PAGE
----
Morgan Burnett: First 3 NFL seasons

Expecting Burnett to duplicate Collins’ fourth-year production may be unrealistic. In 2008, Collins intercepted seven passes and returned them for 295 yards and three touchdowns. It was one of the most productive seasons a safety has ever put together.

But if Burnett can build on his impressive 2012 campaign, the Packers defense will likely improve as a whole. And with uncertainty at the other safety spot, Burnett will be counted upon to be a big-time player–and a leader–in the secondary this upcoming season.

It would be foolish to expect Burnett to be Collins because, again, at the time of Collins’ release, one could make a case that he was the best player in the league at his position. But through three years, Burnett has shown similar flashes to a young Collins.

Unless the Packers bring back Charles Woodson or sign another veteran, Burnett will play alongside Jerron McMillian and/or M.D. Jennings this season. Jennings started 10 games in 2012 and has added five pounds of muscle in the offseason, while McMillian has the starting job in his crosshairs.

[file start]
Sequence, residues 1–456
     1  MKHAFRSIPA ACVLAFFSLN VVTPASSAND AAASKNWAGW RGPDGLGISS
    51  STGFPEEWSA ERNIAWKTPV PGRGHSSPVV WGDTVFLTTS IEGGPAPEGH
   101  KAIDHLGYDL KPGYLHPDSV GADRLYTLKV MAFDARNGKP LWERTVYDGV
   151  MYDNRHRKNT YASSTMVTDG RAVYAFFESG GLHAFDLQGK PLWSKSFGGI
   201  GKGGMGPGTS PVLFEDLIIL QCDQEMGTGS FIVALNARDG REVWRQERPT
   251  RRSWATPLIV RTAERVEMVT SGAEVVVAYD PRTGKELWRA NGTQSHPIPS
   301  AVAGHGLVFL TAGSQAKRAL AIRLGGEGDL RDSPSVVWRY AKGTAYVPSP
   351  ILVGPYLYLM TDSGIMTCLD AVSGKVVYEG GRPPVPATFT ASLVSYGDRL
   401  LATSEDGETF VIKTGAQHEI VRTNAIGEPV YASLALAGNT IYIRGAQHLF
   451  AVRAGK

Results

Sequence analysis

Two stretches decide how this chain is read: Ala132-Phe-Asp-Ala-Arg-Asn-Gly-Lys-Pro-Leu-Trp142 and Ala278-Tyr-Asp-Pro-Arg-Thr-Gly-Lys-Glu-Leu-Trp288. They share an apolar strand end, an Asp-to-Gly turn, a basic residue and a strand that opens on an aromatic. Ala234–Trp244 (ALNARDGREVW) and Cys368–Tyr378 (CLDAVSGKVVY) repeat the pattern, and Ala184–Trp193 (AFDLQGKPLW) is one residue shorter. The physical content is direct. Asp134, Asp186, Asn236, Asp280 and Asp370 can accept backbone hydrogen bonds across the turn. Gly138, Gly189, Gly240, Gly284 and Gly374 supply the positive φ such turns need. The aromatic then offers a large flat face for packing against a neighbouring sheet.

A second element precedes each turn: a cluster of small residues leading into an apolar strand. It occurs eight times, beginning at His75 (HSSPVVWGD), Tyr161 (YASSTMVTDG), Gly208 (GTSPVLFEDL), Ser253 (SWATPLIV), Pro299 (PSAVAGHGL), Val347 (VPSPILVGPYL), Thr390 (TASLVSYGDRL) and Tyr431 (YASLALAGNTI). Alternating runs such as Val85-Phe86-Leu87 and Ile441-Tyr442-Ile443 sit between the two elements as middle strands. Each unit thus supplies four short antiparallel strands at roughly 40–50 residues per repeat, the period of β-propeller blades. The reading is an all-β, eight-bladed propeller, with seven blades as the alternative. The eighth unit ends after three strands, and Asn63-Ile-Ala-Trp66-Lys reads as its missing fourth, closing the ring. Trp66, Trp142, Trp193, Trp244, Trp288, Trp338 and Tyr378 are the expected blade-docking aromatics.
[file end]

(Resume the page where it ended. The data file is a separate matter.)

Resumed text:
In Collins’ first three seasons in the NFL, he played alongside Mark Roman, Marquand Manuel and Atari Bigby. During his breakout year in 2008, Collins shared the defensive backfield with Bigby, Aaron Rouse and Charlier Peprah.

This season, Burnett, McMillian and Jennings will benefit from a deep and talented group of cornerbacks. Tramon Williams, Sam Shields, Casey Hayward and Davon House form one of the best four-man rotations in the NFL.